“I wish,” Old Man Winter said. “Do you guys know about the Parliament of the Realms?”

They rule the Roads, Schrodinger said instantly. Any treaties regarding the Roads and Gates must be ratified by them, and they work kind of like Earth’s United Nations.

“Except they agree on even less than the United Nations do,” Old Man Winter said, and sighed. “Well, the Parliament has to vote on the Treaty of the Roads in a few months, and there are arguments over who should be allowed to vote and who shouldn’t. There are a lot of old enemies who are using this chance to bring up old feuds and the Snow Queen and Jack Frost are trying to make sure nothing happens to stop the ratification of the Treaty.”

“What would happen if the Treaty wasn’t ratified?” Gideon asked.

“In the short run?” Old Man Winter leaned back and thought. “There’d be some stoppages until the Gate Stations were sorted out.” When they looked blankly at him, he said, “The Gates themselves are owned by the Parliament, but the Stations belong to the Realm that they are situated in. Right now, they’re considered neutral ground by everyone. If the Treaty isn’t ratified, the Stations wouldn’t be neutral anymore. They could restrict who could come through their Gates, and where they could go.”

“Or charge taxes,” Kiaya added, joining in the conversation for the first time. “Making everything more expensive.”

Old Man Winter nodded. “In the long run, it would turn the Roads into private highways. I can remember what it was like before the Parliament was created – it wasn’t good. The Snow Queen wants to remind the most contentious members that the benefits of working together are more than the benefits of going it on their own.”

“The Snow Queen should bring them all in to the Bookstore and let Molly sort them out,” Kaylee said, wiping her mouth with her napkin and missing most of the tomato sauce on her face. “Molly would make them work together.”

“I don’t doubt it,” Old Man Winter said. “I just wonder how much damage they would do to the Cove before she got them into shape.” He looked at all of them. “Do you want to take the sledge to the skating cove? My reindeer could use some exercise.”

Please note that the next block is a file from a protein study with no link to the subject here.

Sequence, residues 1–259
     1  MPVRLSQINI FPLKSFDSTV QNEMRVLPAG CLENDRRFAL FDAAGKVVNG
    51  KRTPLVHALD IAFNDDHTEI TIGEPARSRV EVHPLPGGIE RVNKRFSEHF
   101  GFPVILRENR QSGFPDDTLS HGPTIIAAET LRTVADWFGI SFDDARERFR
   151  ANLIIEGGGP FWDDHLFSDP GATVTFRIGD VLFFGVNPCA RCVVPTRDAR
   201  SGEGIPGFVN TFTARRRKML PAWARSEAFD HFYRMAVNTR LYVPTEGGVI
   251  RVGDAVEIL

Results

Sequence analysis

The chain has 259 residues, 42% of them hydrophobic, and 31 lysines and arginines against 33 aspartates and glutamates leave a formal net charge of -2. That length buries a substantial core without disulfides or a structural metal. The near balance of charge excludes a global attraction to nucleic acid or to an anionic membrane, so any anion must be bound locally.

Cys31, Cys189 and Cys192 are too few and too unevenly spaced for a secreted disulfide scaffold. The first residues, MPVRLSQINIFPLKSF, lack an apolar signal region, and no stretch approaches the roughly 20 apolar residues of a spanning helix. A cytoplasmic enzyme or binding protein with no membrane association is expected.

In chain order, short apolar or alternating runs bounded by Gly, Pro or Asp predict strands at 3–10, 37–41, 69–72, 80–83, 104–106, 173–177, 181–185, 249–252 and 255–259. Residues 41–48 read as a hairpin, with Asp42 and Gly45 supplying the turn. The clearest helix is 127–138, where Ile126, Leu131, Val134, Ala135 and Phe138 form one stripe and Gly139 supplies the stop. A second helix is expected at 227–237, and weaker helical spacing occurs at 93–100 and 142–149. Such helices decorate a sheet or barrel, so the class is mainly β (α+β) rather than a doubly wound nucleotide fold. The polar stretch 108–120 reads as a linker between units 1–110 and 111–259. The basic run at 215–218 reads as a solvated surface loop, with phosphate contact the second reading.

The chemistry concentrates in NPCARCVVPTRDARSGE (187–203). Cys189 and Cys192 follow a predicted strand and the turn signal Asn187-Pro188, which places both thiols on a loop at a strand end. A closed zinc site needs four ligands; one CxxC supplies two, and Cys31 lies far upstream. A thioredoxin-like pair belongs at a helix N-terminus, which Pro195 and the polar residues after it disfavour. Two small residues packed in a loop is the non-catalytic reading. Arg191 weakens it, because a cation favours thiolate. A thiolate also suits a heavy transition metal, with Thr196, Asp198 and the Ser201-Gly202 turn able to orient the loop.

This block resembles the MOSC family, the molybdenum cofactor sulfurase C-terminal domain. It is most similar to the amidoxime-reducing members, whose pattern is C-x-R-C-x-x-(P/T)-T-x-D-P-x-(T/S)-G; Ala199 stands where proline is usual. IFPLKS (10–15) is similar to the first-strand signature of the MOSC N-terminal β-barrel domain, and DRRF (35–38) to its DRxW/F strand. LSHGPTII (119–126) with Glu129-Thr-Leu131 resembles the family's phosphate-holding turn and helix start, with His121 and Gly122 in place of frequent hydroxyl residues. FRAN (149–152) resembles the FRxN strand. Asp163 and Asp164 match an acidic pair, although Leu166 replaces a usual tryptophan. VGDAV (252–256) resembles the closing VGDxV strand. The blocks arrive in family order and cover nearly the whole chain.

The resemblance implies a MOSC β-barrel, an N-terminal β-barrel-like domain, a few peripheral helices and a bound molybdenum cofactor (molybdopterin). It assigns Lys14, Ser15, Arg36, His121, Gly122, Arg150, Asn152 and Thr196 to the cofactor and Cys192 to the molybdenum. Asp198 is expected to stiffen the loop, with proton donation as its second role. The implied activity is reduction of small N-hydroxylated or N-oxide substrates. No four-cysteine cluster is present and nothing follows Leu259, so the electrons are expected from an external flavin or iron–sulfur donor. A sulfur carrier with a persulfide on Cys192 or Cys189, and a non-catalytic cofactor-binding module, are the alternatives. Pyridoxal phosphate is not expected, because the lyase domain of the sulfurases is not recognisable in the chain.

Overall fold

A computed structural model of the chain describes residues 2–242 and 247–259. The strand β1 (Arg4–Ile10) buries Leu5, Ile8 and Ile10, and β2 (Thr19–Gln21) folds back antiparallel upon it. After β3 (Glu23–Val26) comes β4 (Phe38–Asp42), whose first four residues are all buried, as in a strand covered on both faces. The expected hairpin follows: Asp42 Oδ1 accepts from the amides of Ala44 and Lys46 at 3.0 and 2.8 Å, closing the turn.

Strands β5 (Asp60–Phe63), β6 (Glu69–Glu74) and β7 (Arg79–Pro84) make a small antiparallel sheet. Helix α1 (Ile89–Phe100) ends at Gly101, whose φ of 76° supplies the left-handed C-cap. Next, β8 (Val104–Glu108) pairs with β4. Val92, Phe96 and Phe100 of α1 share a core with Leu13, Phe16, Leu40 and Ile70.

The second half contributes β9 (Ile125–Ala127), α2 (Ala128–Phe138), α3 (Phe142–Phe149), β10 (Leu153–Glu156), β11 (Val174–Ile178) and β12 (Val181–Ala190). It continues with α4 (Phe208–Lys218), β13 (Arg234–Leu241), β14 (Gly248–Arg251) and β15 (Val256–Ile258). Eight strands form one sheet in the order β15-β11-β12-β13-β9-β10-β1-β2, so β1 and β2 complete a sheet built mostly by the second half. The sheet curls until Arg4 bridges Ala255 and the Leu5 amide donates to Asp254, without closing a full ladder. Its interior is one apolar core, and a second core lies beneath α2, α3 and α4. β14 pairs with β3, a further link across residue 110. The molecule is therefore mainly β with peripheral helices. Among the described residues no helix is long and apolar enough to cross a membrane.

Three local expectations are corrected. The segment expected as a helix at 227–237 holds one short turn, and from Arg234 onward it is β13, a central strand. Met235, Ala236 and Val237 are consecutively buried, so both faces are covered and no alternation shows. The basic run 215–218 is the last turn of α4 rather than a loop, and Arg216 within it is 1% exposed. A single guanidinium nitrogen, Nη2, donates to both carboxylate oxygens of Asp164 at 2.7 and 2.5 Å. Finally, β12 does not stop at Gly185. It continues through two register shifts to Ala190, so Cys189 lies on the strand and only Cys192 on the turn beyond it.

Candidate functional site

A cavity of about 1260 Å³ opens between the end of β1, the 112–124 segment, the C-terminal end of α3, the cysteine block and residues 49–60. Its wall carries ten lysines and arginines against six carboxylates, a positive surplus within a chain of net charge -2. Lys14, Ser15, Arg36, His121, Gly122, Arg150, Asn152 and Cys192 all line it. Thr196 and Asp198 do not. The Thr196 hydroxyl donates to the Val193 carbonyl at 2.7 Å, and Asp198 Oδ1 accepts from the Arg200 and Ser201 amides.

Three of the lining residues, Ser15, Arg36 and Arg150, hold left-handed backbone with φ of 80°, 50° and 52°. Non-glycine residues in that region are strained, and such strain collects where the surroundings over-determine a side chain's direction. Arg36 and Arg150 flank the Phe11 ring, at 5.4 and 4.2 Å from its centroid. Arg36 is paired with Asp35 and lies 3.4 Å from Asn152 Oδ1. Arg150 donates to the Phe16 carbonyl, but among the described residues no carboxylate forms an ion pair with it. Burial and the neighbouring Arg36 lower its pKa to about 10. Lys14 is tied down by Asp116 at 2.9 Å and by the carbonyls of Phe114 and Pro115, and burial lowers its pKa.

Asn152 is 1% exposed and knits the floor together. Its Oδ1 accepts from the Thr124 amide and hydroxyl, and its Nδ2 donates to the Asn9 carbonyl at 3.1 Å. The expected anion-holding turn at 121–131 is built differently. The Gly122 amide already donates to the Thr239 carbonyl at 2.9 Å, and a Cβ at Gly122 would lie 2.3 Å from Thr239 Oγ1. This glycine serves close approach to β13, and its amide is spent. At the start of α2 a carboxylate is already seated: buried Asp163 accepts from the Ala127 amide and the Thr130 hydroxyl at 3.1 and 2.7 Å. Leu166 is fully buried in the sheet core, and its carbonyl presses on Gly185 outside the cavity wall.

“We’ll take the car and meet you there,” Corrinne said, after a glance at Kiaya.

“Tell Giovanni to put this on my tab,” Old Man Winter said. “And we’ll see you there!”

They hurried to get their coats, gloves, and hats, then followed him out into the crisp night air. Outside the pizza parlor, looking right at home amid the other sleighs and cars, was Old Man Winter’s sledge.

It was a large wooden sledge, with raised sides that cradled a veritable mountain of animal hides, blankets, and furs to keep them warm. Old Man Winter stood at the back and picked up the reins. In front of the sledge stood two massive reindeer, shaggy coats dotted with snowflakes, ivy and holly twined in their antlers. They all piled into the body of the sledge, although Kaylee looked pleadingly at Old Man Winter.

“Please, can’t I help drive?” she wheedled. “It’s not far!”

Usually, he didn’t let her, since it got very cold (the reindeer ran very fast) but this time, since they weren’t going on the Roads, Old Man Winter gave in. “As long as you think you’ll be warm enough!”

“Yay!” Kaylee shouted, and scrambled to the back of the sledge. Old Man Winter Winter set her in front of him (so she couldn’t fall out, Schrodinger noticed) and handed her the long leather reins. “You guys ready?”

Ready! Jack said, giving a long bay. Let’s go!

“Go!” Kaylee said, shaking the reins, and the big reindeer jumped forward.

“Don’t forget to tell them where to go!” Old Man Winter reminded her.

“Oh, right! Take us to the skating cove!” Kaylee called.

The reindeer tossed their heads in acknowledgement, their harness bells jingling merrily, and turned slightly.

The Elizabeth River, named for the daughter of Carter’s Cove’s founder, wound its way along the northern border of the town. The gentlest of the three rivers that emptied into the Cove, it made multiple coves and swimming holes on its way to the ocean, most of which froze to glassy perfection in the winter. The largest of these was near the farm of Indi Sarabian, and every winter, she and her family created the Skating Pond.